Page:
Mrs Mouse, a four-year-old indoor bunny, jumped onto the sofa at the home of owner Helen Wilkinson, and helped herself to half a Terry’s Chocolate Orange.
Because chocolate is potentially toxic to pets, Helen had to rush her pet to Chantry Vets in Batley Road, Alverthorpe, where Mrs Mouse was placed onto an intravenous drip and hospitalised overnight for monitoring to ensure she didn’t suffer an adverse reaction.
Now Chantry Vets has issued a warning to owners about the dangers facing pets over Easter from tempting treats like chocolate, sweets and hot cross buns.
Chocolate contains a chemical called theobromine, which is toxic to pets, and Easter is the second busiest time of year after Christmas for cases of chocolate poisoning.
Chantry vet Tommaso Giorgi, who is a certificate holder in exotics species, which includes rabbits, said: “We are expecting for an increase in cases of pets eating chocolate and other tasty treats in the lead up to Easter.
“At this time of year, we see a lot of dogs that have eaten chocolate, but I’ve never known a rabbit eat any.
“Mrs Mouse had a lucky escape after eating chocolate. She was bright and happy, but we hospitalised her and placed her on intravenous fluids as we needed to monitor her for any gastrointestinal disturbances, diarrhoea or changes in her heart rate.”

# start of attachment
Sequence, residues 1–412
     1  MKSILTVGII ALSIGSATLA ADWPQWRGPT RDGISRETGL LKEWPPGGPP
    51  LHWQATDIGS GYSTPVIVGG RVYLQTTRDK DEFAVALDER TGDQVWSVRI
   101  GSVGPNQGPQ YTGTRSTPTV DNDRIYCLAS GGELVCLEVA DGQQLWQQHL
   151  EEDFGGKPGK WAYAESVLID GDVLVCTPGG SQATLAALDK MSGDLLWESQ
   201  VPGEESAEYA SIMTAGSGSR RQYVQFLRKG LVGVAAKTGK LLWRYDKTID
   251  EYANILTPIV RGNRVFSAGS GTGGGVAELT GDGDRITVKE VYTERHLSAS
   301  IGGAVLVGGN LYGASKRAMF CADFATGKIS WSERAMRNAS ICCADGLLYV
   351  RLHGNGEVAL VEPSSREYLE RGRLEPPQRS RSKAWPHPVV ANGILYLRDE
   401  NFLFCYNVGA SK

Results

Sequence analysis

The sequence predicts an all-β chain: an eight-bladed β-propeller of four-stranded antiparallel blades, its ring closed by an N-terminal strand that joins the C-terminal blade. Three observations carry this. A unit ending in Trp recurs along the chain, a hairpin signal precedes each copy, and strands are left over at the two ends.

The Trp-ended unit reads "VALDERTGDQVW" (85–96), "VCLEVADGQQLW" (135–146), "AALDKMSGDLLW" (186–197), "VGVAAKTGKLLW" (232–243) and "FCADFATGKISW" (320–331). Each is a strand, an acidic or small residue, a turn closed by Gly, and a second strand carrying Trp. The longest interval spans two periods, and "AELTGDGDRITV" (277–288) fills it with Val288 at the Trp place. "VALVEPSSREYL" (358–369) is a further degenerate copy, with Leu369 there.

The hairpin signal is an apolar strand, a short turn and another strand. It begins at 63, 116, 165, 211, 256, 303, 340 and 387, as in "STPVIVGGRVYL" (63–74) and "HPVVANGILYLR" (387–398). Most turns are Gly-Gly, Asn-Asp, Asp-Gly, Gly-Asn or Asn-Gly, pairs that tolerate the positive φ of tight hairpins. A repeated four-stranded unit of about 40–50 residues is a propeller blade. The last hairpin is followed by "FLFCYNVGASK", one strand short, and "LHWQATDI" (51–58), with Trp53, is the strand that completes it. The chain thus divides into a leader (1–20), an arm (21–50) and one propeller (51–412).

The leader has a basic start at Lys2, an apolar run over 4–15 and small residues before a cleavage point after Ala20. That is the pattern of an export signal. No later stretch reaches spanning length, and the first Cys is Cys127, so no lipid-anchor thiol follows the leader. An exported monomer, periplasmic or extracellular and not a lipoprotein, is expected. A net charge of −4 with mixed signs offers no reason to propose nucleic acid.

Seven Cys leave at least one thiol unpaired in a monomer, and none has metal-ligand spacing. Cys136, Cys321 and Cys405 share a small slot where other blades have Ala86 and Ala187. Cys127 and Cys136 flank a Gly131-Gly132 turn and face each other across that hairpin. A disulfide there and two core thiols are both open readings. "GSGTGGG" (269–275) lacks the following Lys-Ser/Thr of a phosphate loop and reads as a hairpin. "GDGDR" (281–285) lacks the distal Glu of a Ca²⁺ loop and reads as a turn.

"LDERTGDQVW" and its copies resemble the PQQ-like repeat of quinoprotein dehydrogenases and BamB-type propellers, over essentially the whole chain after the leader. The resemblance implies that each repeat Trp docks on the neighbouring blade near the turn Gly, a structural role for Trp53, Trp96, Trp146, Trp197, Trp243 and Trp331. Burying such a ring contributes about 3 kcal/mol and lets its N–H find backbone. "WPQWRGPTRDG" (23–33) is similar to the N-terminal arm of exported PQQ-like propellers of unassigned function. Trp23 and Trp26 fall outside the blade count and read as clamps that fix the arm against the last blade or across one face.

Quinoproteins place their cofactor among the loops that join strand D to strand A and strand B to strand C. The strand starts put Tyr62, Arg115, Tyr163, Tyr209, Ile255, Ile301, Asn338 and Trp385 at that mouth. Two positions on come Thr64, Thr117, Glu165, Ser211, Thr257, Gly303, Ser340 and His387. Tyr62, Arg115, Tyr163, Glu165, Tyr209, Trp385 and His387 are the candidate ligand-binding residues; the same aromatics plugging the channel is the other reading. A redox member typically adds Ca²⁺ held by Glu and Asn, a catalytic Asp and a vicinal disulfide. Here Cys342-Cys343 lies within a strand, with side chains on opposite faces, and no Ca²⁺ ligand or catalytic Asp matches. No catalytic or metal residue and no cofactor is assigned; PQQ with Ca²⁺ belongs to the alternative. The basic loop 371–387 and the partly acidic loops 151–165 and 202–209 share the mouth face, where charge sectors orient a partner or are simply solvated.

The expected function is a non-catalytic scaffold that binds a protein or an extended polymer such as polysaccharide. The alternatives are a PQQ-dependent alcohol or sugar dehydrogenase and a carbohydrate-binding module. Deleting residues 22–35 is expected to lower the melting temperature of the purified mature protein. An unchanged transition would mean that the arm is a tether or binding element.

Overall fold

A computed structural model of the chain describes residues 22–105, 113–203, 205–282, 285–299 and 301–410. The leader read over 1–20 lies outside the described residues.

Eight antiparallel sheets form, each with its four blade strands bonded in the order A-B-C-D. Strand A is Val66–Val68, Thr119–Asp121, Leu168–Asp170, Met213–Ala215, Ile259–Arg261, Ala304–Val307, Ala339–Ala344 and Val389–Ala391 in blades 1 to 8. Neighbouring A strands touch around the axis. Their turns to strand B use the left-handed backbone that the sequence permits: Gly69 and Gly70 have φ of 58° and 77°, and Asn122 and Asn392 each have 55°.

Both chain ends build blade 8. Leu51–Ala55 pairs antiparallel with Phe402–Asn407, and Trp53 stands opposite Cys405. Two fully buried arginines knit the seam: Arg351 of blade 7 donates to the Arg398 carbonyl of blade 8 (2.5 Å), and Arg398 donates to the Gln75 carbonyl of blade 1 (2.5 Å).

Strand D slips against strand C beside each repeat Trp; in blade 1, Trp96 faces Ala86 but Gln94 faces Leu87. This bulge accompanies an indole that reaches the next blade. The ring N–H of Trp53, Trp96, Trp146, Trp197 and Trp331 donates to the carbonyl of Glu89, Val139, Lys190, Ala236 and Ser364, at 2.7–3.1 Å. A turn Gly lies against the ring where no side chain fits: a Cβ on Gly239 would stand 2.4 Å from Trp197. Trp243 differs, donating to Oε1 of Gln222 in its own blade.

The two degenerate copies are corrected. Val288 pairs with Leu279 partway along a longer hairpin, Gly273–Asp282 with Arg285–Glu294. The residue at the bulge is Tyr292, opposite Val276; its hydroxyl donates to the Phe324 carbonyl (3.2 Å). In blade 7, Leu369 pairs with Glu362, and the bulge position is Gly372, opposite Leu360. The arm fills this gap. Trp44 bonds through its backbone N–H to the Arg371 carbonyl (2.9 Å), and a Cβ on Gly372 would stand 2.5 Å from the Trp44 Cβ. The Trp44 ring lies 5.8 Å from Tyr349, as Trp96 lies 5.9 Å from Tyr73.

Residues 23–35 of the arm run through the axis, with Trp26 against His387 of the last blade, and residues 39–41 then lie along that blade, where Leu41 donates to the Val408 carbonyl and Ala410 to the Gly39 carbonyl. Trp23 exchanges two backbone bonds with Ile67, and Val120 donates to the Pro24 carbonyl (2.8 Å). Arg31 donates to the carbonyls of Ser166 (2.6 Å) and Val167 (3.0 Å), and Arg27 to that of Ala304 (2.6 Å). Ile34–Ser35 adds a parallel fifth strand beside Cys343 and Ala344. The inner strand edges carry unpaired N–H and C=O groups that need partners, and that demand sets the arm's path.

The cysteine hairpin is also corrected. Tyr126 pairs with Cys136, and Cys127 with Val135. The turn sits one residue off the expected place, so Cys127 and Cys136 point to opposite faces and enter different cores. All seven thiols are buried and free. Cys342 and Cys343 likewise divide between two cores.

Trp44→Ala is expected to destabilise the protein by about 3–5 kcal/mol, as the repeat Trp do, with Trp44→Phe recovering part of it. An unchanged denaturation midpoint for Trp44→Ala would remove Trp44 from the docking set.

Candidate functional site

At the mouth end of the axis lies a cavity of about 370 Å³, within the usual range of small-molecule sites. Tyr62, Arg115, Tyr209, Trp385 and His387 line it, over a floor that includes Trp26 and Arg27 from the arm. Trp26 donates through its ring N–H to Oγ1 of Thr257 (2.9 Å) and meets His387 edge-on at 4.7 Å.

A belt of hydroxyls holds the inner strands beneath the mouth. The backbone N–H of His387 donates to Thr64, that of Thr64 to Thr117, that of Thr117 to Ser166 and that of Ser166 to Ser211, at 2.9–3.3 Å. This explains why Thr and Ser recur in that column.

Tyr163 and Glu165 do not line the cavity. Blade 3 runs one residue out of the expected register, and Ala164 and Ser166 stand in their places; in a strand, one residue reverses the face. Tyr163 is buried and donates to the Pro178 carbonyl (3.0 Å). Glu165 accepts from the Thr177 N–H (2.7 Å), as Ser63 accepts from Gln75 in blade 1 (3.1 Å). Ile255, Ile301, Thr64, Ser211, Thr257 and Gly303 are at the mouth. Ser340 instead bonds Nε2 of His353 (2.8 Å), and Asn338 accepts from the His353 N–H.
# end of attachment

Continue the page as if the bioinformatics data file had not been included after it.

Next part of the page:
While most rabbits enjoy carrots, herbs and wild weeds, Mrs Mouse was tempted by the smell of a half-eaten chocolate treat that had been left on the sofa from the previous evening by her owner.
Helen, who lives in Middleton, Leeds, with boyfriend Marc Cutsforth, and their rescue rabbits Mrs Mouse and Mr Mouse said: “I let her out of her cage to have a run around the house and, when my back was turned, she jumped on the sofa.
“We then discovered she had nibbled through the foil and eaten some of the chocolate.
“She has eaten skirting boards and through plastic packaging to get to broccoli in the past, but this is the first time she has eaten chocolate.”
Helen added: “From now on, I intend keeping chocolate hidden away – or make sure I eat it all myself!”
Even small amounts of chocolate can cause heart problems, hyper excitability and fits.
Raisins in hot cross buns can be deadly to pets, while the traditional Easter Sunday dinner can cause problems with gastroenteritis or choking on bones.
Lilies are poisonous to cats and daffodil, crocus and tulip bulbs are toxic to dogs.
If you are concerned about anything your pet may have eaten, call Chantry Vets on 01924 362464.